They're supposed to be freewheeling culinary alternatives for hungry city dwellers, but in too many municipalities food trucks are instead being stalled by reams of red tape, according to Canada's competition watchdog.
"There's a patchwork of regulations out there," said Julien Brazeau, associate deputy commissioner of the Competition Bureau, on CBC Radio's Ottawa Morning.
"Some of the regulations seem to favour bricks and mortar restaurants, which is not surprising, because food trucks are somewhat new to the scene. Some cities have done what seems to be a better job than others in terms of opening up that sector. But most cities are taking careful attention of the issue, and trying to put in place regulations that work."
The Competition Bureau analyzed how cities regulate their local food truck industries, and found that some made it difficult for food trucks to compete, with high operating fees and long minimum distances from other establishments.
Brazeau said the bureau took a close look at Ottawa's street vending program for food trucks, which began in 2013 to attract different types of culinary offerings.
"They've put in place what is now about 20 spaces that are available for food trucks. My understanding is that as of 2017, 11 of those spaces have been taken up, so it's not a fully subscribed program," he said.
"There are distance limits as well, so they have to be 46 metres from another food establishment. And the space that you're given is your space for a year, so you can't roam, which is one of the benefits of food trucks is their ability to roam and get to different parts of the city at different times of the day. So they can't do that in Ottawa."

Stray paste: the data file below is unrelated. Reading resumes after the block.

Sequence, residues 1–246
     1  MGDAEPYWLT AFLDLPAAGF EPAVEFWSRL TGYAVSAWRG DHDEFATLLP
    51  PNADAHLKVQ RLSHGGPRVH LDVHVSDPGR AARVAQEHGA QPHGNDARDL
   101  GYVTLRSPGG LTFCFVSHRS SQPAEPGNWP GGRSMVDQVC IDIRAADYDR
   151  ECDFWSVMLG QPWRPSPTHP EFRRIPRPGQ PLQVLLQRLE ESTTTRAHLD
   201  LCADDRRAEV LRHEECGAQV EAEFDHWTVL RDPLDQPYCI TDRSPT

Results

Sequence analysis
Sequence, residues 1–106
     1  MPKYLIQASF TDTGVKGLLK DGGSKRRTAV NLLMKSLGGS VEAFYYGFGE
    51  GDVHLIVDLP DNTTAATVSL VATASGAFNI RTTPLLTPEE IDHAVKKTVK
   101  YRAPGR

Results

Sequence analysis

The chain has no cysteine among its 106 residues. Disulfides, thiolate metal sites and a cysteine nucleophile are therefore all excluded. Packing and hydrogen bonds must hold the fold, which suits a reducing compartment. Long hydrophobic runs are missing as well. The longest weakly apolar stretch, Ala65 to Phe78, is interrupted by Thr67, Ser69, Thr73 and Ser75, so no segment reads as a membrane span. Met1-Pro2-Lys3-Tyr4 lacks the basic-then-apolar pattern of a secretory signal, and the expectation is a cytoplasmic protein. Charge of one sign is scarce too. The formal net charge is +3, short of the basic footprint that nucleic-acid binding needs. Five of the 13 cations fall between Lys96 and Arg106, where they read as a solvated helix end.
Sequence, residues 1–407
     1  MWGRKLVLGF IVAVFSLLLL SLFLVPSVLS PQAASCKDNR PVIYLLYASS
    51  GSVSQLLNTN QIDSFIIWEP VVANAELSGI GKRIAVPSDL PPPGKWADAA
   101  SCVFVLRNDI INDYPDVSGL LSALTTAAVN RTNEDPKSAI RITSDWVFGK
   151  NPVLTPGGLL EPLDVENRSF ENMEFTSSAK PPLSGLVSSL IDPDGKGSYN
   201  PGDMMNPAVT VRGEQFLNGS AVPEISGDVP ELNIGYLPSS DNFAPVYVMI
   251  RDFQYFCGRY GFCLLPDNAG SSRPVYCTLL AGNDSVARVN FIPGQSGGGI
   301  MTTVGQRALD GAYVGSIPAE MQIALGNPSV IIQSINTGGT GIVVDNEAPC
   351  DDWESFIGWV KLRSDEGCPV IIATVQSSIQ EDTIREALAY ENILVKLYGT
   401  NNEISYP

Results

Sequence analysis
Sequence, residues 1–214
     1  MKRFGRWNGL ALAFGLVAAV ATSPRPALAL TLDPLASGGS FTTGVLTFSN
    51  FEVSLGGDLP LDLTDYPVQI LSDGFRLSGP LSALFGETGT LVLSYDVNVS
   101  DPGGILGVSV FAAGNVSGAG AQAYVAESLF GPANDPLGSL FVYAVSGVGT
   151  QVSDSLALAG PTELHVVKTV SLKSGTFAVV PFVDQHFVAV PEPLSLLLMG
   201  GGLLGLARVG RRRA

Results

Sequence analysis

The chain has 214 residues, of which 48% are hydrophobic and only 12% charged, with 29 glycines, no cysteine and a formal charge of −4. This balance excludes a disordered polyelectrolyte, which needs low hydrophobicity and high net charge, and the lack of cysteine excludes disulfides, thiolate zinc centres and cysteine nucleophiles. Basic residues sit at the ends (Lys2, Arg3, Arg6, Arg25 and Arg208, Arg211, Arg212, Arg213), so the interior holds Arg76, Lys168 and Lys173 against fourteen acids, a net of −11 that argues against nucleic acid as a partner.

'One of the benefits of food trucks is their ability to roam and get to different parts of the city at different times of the day. So they can't do that in Ottawa.'
- Julien Brazeau, Competition Bureau
The Competition Bureau is urging municipalities including Ottawa to take a "softer approach" to food trucks by diminishing buffer zones and relax other rules that inhibit competition. Brazeau points to cities like Toronto and Vancouver as ones that have taken "good steps" toward allowing food trucks and restaurants to coexist.
"The message we want to send is, municipalities ultimately have the responsibility of balancing a variety of public interests. And so in some cases it's traffic and noise abatement that's a concern," said Brazeau.
"But we want regulators to take a careful look, because sometimes things like distance requirements seem to really want to favour restaurants who might be fearful of the competition that could be brought by a food truck. And we think the restaurant industry and the food truck industry can serve two different types of clienteles."